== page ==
|Scientific Name:||Cynomys gunnisoni|
|Species Authority:||(Baird, 1855)|
|Red List Category & Criteria:||Least Concern ver 3.1|
|Assessor(s):||Linzey, A.V. & NatureServe (Mabee, T., Cannings, S. & Hammerson, G.)|
|Reviewer(s):||Amori, G., Koprowski, J. & Roth, L. (Small Nonvolant Mammal Red List Authority)|
Listed as Least Concern because it still occupies most of its large historic range, although it is much reduced in colony size and distribution within that range, and its populations are not declining fast enough to qualify for listing in a more threatened category.
|Previously published Red List assessments:||
|Range Description:||This species occurs from central Colorado to central Arizona, including southeastern Utah and much of the northwestern half of New Mexico in the United States. It occurs from 1,830-3,660 m asl|
Native:United States (Arizona, Colorado, New Mexico, Utah)
|Lower elevation limit (metres):||1830|
|Upper elevation limit (metres):||3660|
|Range Map:||Click here to open the map viewer and explore range.|
|Population:||The colonies often consist of fewer than 50 to 100 individuals. Relative to the large decline from historical levels, populations may have been more stable in some states in recent decades (USFWS 2006). Populations in all states within the range have declined significantly compared to historical levels (USFWS 2006).
It has been considerably reduced in range extent in parts of Colorado and New Mexico. Subspecies C. g. gunnisoni is extirpated over much of its former range (Fitzgerald et al. 1994). Ongoing studies in Arizona indicate it may be extirpated in about 70% of its former range (B. Van Pelt pers. comm.).
|Current Population Trend:||Decreasing|
|Habitat and Ecology:||It is found on high mountain valleys and plateaus; in open or slightly brushy country, scattered junipers and pines, mainly in areas with high abundance of native plants in northern Arizona. Burrows usually on slopes or in hummocks.
It reproduces slowly, relative to other rodents (Hoogland 2001). Only one litter is produced per year, and only 24% of males copulate as yearlings (Hoogland 2001). All females copulate as yearlings (Hoogland 2001). Seasonal timing of onset of reproduction varies somewhat with latitude, elevation, and year. Gestation lasts about 30 days. Litter size averages about six, but for those females that are successful in weaning offspring, only 3.77 young per female emerge from nursery burrow (Hoogland 2001). The probability of weaning a litter each year is 82% (Hoogland 2001). Parturition occurs in April or early May in northern Arizona (Shalaway and Slobodchikoff 1988). Young stay underground for about one month.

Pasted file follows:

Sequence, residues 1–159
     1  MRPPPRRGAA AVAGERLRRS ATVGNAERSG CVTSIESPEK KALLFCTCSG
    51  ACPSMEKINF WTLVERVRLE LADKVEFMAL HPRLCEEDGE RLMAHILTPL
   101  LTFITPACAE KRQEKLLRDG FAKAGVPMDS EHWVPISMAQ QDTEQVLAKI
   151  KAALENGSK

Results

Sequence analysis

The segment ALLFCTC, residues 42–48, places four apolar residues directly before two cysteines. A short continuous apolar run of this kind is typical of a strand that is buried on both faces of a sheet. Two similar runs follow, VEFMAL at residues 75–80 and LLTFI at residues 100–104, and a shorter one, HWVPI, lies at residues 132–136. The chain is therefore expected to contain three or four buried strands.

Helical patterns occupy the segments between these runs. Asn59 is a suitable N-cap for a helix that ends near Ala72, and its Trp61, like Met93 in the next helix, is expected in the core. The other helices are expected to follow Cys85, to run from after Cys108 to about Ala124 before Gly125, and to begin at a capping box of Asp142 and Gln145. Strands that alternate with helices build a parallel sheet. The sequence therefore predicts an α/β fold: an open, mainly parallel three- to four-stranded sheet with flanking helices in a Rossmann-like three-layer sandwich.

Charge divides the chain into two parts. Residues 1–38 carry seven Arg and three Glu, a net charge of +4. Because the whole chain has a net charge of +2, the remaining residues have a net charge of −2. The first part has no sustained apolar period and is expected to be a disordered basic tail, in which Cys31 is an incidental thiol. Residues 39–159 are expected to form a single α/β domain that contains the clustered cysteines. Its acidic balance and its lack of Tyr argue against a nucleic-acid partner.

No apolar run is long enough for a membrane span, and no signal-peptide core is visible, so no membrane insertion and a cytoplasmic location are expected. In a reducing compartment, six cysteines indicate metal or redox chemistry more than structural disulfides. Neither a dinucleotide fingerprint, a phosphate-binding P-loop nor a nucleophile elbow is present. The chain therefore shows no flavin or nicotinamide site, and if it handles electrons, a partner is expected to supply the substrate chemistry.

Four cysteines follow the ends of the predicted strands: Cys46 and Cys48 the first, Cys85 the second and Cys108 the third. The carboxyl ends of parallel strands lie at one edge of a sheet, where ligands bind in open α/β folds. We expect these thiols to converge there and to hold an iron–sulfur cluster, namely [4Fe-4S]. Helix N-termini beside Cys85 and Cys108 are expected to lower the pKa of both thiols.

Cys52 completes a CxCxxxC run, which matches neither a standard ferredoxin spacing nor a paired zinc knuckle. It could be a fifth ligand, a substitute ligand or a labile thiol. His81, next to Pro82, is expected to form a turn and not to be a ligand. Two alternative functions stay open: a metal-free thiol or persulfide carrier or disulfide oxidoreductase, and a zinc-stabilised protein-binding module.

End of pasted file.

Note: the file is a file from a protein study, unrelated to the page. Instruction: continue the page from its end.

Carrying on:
Colonial groups are organized into territories that generally contain one adult male, one or more adult females, non-breeding yearlings, and young of the year; overlap between areas of high use is low between members of neighbouring territories (Travis and Slobodchikoff 1993).
Survivorship is low: only about 50% of females that emerged from burrows as juveniles are alive at the end of their first year, and less than 15% are alive at the end of their second year (Hoogland 2001). Major mortality factors are disease, predation, and disturbance by man. Colonies suffer drastic population declines and are often extirpated during outbreaks of flea-borne sylvatic plague (Rayner 1985).
Feeds on grasses, forbs, sedges, and shrubs. Insects are of minor importance to its diet. Not known to store food in its burrow. It has periods of inactivity during winter, which may last several months; may hibernate in some parts of range.
Indiscriminate poisoning, habitat conversion, and plague have drastically reduced numbers and range (Miller and Cully 2001, Cully and Williams 2001). Plague is probably the greatest threat at this time. Hunters shot 91,000 animals in 2001 in Arizona alone (B. Van Pelt pers. comm.).
USFWS (2006) found that a petition to list this species as threatened or endangered did not present substantial scientific information indicating that a listing may be warranted under any pertinent threat factors. USFWS acknowledged that sylvatic plague has been and continues to be the primary mortality factor for Gunnison's prairie dog, especially at specific sites, but concluded that the impact that this disease has had on the overall status of the species is unclear.
This species reproduces slowly relative to other rodents, and survivorship is low (Hoogland 2001).
It is unknown whether any occurrences are appropriately protected and managed. To conserve this species, it is necessary to protect existing colonies from poisoning, and to protect several acres per colony.
More information is needed on the impacts of disease, specifically sylvatic plague, and on population status and trends (USFWS 2006).
|Citation:||Linzey, A.V. & NatureServe (Mabee, T., Cannings, S. & Hammerson, G.). 2008. Cynomys gunnisoni. The IUCN Red List of Threatened Species 2008: e.T42453A10707145. . Downloaded on 25 November 2015.|
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